Cycas beddomei

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Cycas beddomei
Scientific classification e
Kingdom: Plantae
Division: Cycadophyta
Class: Cycadopsida
Order: Cycadales
Family: Cycadaceae
Genus: Cycas
Species: C. beddomei
Binomial name
Cycas beddomei
Dyer

Cycas beddomei is a species of cycad in the genus Cycas, native to India, where it is confined to a small area of Andhra Pradesh state in the Tirumala Hills in scrubland and brush covered hills.

Superficially similar to Cycas revoluta, it has erect, solitary stems. There are 20-30 leaves in the crown, each leaf 90 cm long, stiff, lanceolate, pinnate, with 50-100 pairs of leaflets, these 10-17.5 cm long and 3–4 mm wide, and angled forward at 45 degrees; the leaf petiole bears minute spines.

The female cones are open, with sporophylls 15–20 cm long, with pink-brown coloured tomentose down, with two ovules. The cones emerge in November to December, ripening in March to May. The lamina margin is strongly toothed, with an acuminate point. The sarcotesta is yellow to brown. The male cones are solitary, ovoid, 30 cm long and 7.5 cm broad, with an apical spine and rhomboid sporophyll face.

The species is unusual in that it contains a layer of fleshy material between the sarcotesta and the sclerotesta that is thought to aid the seed by providing it with a source of water. As cycad seeds have no dormancy, this would be an important trait in its arid habitat.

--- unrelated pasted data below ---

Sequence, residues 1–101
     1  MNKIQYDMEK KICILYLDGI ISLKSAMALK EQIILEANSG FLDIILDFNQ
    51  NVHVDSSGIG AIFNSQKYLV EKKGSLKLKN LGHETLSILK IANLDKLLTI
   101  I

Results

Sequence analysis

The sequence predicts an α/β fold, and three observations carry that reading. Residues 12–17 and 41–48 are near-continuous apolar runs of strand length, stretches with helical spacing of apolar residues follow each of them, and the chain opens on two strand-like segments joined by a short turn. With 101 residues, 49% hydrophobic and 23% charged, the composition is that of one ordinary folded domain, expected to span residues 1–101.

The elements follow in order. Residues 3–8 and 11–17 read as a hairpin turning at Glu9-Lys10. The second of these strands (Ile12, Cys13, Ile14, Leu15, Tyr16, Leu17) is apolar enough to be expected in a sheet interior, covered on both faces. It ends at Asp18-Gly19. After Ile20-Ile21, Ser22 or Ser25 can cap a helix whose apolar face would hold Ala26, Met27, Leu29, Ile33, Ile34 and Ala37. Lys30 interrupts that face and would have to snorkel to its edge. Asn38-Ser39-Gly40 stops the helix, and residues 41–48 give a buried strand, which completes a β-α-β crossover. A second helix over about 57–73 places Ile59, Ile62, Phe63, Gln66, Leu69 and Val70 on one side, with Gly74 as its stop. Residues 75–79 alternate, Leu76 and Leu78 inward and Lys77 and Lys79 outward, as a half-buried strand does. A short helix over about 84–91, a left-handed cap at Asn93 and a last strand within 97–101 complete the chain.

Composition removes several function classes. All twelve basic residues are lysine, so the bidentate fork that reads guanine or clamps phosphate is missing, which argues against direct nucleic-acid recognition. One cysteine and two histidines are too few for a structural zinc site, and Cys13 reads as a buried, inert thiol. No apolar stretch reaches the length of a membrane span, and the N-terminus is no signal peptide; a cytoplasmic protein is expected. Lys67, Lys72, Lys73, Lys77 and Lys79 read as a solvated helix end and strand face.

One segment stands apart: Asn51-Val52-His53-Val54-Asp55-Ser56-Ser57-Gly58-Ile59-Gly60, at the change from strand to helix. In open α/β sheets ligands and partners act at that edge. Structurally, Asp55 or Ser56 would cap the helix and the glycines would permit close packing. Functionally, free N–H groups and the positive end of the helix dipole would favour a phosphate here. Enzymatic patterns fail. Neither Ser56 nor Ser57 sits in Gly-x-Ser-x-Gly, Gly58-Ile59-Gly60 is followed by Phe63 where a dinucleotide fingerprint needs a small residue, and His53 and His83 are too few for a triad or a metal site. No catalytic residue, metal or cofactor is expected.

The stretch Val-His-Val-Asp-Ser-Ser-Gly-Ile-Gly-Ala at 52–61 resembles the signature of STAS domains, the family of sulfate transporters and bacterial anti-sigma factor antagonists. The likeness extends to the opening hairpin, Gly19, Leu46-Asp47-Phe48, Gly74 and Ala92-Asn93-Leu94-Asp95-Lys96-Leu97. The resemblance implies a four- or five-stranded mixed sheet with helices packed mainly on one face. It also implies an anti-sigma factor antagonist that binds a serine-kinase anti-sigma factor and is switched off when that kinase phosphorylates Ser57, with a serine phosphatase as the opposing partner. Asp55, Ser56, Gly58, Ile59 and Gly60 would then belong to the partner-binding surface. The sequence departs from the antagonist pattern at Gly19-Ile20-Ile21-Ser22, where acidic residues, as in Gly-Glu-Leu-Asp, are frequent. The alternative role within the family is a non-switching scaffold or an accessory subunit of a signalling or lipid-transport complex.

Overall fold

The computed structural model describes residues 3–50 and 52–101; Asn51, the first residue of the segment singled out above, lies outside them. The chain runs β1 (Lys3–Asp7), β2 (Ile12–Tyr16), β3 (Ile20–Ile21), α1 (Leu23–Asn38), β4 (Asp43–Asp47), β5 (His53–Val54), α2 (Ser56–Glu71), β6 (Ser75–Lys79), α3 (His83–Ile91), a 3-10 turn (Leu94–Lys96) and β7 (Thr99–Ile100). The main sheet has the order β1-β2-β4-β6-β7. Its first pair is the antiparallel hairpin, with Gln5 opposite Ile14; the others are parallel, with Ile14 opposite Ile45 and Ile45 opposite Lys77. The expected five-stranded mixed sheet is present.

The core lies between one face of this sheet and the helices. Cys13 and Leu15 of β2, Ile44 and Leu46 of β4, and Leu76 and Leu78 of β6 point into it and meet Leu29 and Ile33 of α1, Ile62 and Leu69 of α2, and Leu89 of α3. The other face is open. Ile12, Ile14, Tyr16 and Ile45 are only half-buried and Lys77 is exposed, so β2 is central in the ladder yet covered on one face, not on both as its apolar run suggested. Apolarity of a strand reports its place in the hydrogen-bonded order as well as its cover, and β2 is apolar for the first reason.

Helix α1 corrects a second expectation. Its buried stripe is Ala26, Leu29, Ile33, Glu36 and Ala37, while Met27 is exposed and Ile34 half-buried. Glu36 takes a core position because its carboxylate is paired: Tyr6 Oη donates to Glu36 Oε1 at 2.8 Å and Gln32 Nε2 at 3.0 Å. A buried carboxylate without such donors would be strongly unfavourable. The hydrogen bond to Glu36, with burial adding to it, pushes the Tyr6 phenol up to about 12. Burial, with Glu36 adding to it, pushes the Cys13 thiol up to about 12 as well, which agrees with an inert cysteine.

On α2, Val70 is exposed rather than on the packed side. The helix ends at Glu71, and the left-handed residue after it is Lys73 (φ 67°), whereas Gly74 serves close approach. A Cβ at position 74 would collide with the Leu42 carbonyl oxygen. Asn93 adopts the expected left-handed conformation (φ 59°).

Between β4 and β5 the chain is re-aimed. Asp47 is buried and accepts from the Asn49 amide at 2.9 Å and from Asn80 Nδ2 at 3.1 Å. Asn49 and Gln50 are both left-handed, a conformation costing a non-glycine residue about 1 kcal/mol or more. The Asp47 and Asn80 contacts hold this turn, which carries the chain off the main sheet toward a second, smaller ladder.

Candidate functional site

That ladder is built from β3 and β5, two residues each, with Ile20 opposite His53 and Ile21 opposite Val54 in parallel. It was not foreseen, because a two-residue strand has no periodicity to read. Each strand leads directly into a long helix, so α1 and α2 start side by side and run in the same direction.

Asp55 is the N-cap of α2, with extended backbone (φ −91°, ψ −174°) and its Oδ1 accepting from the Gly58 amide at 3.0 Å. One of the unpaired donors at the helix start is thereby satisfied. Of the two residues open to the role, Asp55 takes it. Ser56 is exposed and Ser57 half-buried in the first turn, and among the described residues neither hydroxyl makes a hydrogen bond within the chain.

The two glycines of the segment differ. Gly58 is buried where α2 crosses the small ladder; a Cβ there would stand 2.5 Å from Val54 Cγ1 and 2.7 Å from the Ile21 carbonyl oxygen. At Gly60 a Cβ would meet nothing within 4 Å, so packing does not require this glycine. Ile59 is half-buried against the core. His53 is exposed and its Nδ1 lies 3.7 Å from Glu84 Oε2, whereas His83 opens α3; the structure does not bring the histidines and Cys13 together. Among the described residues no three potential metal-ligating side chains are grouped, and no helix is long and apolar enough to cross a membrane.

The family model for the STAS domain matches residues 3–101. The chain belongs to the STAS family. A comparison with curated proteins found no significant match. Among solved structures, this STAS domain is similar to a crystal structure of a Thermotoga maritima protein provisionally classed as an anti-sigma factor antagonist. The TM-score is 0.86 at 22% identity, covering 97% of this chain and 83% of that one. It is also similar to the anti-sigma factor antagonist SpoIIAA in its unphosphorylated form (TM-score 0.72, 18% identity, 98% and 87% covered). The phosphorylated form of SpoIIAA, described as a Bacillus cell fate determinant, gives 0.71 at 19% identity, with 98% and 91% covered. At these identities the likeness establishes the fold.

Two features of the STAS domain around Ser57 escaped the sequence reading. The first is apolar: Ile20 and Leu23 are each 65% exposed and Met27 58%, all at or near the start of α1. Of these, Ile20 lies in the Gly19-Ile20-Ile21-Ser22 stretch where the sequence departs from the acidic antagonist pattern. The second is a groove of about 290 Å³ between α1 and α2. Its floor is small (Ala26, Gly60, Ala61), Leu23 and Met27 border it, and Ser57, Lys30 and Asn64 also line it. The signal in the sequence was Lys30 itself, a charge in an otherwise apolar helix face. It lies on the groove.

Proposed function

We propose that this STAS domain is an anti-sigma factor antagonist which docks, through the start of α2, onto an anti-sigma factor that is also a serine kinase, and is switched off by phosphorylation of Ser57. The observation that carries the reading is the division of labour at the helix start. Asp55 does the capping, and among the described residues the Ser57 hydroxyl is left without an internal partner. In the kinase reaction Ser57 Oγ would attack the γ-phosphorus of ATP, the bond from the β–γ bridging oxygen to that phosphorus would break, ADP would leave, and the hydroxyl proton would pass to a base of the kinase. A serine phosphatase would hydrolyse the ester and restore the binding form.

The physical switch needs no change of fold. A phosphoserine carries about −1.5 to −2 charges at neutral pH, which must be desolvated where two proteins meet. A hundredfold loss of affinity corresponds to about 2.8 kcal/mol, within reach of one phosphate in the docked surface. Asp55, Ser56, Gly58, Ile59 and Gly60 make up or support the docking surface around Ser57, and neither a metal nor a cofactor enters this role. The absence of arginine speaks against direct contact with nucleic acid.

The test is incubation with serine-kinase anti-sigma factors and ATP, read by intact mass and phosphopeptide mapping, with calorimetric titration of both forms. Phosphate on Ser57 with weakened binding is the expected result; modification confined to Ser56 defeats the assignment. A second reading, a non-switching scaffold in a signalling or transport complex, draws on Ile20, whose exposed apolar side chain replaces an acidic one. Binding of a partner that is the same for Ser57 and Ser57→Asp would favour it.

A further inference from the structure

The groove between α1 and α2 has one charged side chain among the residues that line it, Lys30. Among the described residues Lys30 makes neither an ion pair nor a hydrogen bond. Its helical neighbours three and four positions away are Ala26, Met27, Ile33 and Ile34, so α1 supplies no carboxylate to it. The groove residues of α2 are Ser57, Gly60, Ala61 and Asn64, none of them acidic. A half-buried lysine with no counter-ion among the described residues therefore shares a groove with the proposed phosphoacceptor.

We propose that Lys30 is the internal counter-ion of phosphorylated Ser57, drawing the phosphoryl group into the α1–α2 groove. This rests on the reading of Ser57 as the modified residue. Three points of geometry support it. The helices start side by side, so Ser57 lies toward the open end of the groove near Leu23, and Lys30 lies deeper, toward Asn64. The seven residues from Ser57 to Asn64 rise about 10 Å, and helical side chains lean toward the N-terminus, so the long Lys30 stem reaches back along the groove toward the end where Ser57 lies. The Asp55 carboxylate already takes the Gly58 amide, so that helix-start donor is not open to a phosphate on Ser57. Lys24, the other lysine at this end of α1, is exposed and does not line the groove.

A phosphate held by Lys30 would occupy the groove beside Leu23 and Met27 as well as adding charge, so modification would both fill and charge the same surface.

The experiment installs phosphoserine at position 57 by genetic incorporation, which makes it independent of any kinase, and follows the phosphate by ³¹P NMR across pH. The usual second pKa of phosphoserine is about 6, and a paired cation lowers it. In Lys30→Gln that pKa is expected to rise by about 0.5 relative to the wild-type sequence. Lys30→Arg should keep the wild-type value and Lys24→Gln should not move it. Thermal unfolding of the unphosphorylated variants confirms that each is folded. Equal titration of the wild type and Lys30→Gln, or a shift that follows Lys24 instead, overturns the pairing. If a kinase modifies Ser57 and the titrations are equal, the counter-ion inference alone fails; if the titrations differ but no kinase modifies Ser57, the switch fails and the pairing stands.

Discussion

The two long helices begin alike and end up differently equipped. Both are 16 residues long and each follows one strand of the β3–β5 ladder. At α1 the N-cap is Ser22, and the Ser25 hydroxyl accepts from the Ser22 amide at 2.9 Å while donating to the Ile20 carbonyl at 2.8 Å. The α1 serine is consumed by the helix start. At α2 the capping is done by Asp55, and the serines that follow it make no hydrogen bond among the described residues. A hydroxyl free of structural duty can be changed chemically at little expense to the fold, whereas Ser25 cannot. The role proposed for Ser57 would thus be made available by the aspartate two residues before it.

It is named after the botanist Richard Henry Beddome.

Habitat[edit]

This cycad is found in dry, hot sites in the scrublands of eastern India. Clumps of the plant are common via pups only in males. The plant is fairly fire resistant, except as seeds and seedlings, which are very vulnerable to annual grass fires.

Chemistry[edit]

The biflavonoids 2",3"-dihydrohinokiflavone, 2,3,2",3"-tetrahydrohinokiflavone, 2,3-dihydroamentoflavone, 2,3,2",3"-tetrahydroamentoflavone, 2,3-dihydro-4"'-0-methyl-amentoflavone, and pinoresinol can be isolated from C. beddomei.[2]

Uses[edit]

The male cones of the plant are used in Ayurvedic medicine as a cure for rheumatoid arthritis and muscle pains. This cycad, due to its demand for medicinal purposes, and consequent reduction in living populations, is now an endangered species.

References[edit]

  1. ^ Rao, B.R.P. (2009). "Cycas beddomei". IUCN Red List of Threatened Species. Version 2010.3. International Union for Conservation of Nature. Retrieved 2010-10-05. 
  2. ^ A new biflavonoid from Cycas beddomeit. Biswanath Das, Gurram Mahender, Yerra Koteswara Rao and Ponnaboina Thirupathi, Indian Journal of Chemistry, August 2006, Vol. 45B, pages 1933-1935 (article)